HOMER -- During this season of giving, Shane Campbell has already received one of the greatest gifts of all: the love and support of his community.
Now he's hoping for an equally amazing gift. The gift Campbell waits for might come in January when he visits the University of Washington Medical Center to see if he qualifies to go on the donor list to receive a liver.
On Sept. 11, days after his 43rd birthday, Campbell became deathly ill with chest pains. After exploratory surgery and a difficult recovery, he wound up taking a LifeMed Learjet to Seattle -- a $75,000 air ambulance ride.
Eventually he got the diagnosis: end-stage liver failure. In mid-October, doctors gave him a one-in-four chance of living 90 days. What caused his liver disease, no one knows for certain.
He's been sober for 15 years and didn't drink much before that.
"My idea of going out and getting drunk was two drinks," Campbell said.
He doesn't have hepatitis, either. One doctor, a naturopath, told him he has "chemical hepatitis," a poisoning that might be related to high levels of arsenic and antimony that hair strand tests of Campbell showed.
Whatever the cause, his liver is scarred and losing function. Since September, Campbell has lost 50 to 65 pounds. He can't work. Beyond going to church and visiting his mother, Susie Hokkanen, he doesn't get out much. He has to rest frequently. Meals are protein shakes. Until recently, when he was able to get short-term Medicaid assistance, Campbell didn't have medical insurance.
Campbell was born in Anchorage, grew up in Homer and, except for nine years in Anchorage, has lived most of his life in Homer and Anchor Point. He and his wife, Leah, have three daughters: Brionna, 21, Mariah, 18, and Casey, 15, with Casey still living at home.
The Campbells own a modest home near Stariski north of Anchor Point. With the home paid off, the Campbells are remodeling the local way, room by room.
Campbell's younger sister, Shana Valente, calls her brother "a selfless, compassionate and giving man ... the hardest worker I know." With Leah, he runs Dirttco, managing and selling gravel from a pit near Blackwater Bend.
The business is on hiatus and Leah's main job is taking care of her husband.
"She takes a lot of time taking care of me," Campbell said. "I wouldn't trade her for half a dozen nurses."
Until he got Medicaid, the University of Washington Medical Center wouldn't even consider him for treatment. Get health insurance, Campbell was told, or come up with $500,000. Running his own business and keeping his family fed, he couldn't afford health insurance. One time when he worked for someone else and could get health insurance for his family, it cost him $1,000 a month, and that was catastrophic, high-deductible insurance.
At those rates, "Why not just make monthly payments to the doctors?" Campbell said he figured.
Before receiving Medicaid, Campbell racked up almost $300,000 in medical bills. The Campbells paid some of the bills with $30,000 in savings they'd put aside for Leah's knee surgery -- now put off, given Shane's more immediate medical crisis.
"We tried to pay everybody something," he said. "The way I look at it, I want to try and send them something every month."
When he gets on the transplant list and gets a new liver, Campbell faces medical costs like $30,000 in anti-rejection drugs the first few months and $12,000 a year in drug bills the rest of his life.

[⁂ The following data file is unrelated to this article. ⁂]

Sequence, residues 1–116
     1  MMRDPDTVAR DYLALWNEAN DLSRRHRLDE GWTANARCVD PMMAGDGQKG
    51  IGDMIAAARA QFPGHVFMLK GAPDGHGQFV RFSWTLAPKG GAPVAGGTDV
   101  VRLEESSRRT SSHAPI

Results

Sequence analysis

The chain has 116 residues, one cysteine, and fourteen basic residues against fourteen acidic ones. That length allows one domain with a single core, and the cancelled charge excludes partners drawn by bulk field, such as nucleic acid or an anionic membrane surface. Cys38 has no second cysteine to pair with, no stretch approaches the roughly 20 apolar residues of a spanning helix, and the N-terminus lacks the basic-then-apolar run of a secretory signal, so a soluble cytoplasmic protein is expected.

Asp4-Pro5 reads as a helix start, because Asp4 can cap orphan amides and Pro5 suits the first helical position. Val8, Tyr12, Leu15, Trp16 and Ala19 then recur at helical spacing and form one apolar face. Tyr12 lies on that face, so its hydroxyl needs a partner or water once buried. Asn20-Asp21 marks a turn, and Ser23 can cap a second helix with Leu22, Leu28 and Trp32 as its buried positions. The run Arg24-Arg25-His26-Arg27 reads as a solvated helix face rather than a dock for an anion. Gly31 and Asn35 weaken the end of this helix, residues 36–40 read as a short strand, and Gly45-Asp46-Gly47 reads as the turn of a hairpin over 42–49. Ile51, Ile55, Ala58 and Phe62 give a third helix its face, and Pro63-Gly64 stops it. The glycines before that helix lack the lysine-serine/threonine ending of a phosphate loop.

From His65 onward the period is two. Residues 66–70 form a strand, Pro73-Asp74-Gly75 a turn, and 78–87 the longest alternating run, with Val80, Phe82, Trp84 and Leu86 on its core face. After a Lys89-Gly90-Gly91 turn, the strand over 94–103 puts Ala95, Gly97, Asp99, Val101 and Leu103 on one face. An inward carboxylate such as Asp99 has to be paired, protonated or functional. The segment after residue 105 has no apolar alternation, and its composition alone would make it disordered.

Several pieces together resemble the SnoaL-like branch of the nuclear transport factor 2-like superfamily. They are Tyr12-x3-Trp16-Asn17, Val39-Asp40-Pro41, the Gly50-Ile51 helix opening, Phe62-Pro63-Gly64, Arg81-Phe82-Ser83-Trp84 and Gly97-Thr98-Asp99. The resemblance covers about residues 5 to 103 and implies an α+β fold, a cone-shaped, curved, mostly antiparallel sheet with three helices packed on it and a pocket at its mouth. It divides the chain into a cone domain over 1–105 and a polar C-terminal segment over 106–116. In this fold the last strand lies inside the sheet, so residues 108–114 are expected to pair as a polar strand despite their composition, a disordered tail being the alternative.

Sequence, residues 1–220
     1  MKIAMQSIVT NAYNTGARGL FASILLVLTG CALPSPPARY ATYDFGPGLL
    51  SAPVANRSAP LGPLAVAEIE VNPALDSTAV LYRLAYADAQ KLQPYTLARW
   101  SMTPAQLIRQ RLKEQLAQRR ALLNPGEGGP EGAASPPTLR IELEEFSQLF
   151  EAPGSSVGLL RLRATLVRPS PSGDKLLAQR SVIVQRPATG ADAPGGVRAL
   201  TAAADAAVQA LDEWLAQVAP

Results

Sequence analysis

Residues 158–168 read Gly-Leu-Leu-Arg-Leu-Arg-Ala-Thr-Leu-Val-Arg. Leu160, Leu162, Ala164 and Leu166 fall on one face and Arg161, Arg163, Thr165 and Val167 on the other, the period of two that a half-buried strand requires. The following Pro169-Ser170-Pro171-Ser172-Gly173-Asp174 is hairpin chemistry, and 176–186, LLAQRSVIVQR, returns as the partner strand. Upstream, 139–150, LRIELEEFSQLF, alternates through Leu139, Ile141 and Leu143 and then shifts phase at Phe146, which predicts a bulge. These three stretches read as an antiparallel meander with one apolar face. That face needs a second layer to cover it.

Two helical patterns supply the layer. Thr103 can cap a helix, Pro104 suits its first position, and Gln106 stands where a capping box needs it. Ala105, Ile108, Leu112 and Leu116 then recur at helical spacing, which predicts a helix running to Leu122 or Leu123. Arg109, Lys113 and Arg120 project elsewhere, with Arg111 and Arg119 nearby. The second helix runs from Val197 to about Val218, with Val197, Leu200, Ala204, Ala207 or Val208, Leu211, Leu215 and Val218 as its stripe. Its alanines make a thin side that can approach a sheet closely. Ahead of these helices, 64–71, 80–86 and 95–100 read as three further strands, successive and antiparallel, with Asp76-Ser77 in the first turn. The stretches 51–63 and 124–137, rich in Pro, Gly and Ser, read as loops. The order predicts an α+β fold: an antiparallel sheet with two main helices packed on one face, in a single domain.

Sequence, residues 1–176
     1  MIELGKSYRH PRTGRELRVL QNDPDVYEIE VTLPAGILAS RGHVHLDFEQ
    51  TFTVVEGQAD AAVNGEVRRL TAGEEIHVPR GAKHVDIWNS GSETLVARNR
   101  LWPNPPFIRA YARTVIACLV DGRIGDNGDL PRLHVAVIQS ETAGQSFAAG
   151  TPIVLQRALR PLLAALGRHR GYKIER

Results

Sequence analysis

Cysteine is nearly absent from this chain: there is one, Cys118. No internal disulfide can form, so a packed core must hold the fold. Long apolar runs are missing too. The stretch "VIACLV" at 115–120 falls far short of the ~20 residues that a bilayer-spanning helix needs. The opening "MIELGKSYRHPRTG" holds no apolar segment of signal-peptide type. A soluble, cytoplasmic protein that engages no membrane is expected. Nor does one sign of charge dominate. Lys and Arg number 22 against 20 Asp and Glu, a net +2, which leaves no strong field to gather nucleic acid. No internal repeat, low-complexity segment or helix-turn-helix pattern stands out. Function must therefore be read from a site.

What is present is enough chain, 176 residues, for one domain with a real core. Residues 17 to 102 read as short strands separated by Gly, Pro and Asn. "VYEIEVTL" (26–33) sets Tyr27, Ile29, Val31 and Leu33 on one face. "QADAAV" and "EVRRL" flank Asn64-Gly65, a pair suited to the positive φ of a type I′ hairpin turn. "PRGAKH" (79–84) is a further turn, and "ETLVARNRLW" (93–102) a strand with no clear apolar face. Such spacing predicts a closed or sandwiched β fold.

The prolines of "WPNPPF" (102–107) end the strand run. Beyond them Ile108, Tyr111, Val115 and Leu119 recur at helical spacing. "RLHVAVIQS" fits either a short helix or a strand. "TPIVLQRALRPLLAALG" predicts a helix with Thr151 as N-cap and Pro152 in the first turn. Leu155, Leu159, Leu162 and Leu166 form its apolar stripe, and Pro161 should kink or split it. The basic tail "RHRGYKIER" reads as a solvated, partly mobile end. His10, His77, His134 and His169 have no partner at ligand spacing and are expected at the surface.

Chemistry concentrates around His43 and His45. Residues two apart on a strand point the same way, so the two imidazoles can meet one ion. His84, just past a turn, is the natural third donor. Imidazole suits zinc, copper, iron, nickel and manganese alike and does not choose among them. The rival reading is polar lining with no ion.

Friends in Anchor Point and Homer have rallied around the Campbells. One friend, Matt Trail, organized a spaghetti feed and auction that was so successful they ran out of things to sell. Trail set up a bank account for the family, Friends of Shane Campbell, at First National Bank Alaska, that now has $16,000.
"It's been very humbling," Leah Campbell said.
Homer and Anchor Point have always pulled together for each other, Shane Campbell said.
"It kind of gives you a better perspective of the people you live with here, the community you live with," he said.
People have come out of the woodwork to help him, Campbell said.
"A huge blessing," he said. "I have a bigger list of people who want to help than things that need to be done."
Trail said he helped out the Campbells because they're friends and because he'd once been in the hospital with no health insurance.
"I've been in his situation," Trail said. "It's a horrible feeling, not knowing what's going on."
The Trails also got help from the Campbells after a house fire in 2007 and when Trail had a death in the family.
"What comes around, goes around," Trail said. "He was there for me in some tough times."
Campbell said Trail reminded him of that help when he asked Trail why he helped with the spaghetti feed. Trail told him, "I can pay you back now," Campbell said.
"He didn't owe me anything to begin with," Campbell said. "He's just a good friend."
For Christmas, Campbell's brother and two sisters will join him and Leah at their mom's house. His grandfather, Ken Arndt, also will be there.
The Campbells go to Seattle on Jan. 10. He'll gets blood tests and after that will sit down with a medical panel to see what's next.
People needing new livers can get live livers, a partial donation. One casual friend offered to donate.
"That guy, it brought tears to my eyes and his eyes," Campbell said.
More likely, Campbell would go on a list to receive a liver from someone who makes the ultimate gift upon death -- signing a donor card that allows organs to be used. If he's a good candidate, Campbell would have to be in the Seattle area, within a few hours travel time night or day, to get surgery.
Meanwhile, the Campbells will celebrate Christmas with the gifts they've already received, even though accepting the generosity of their neighbors has been difficult.
"It's easier to help somebody than receiving the help," Shane Campbell said.
"When it happens to you, it's totally overwhelming," Leah Campbell added. "It's a good, humbling feeling."
By MICHAEL ARMSTRONG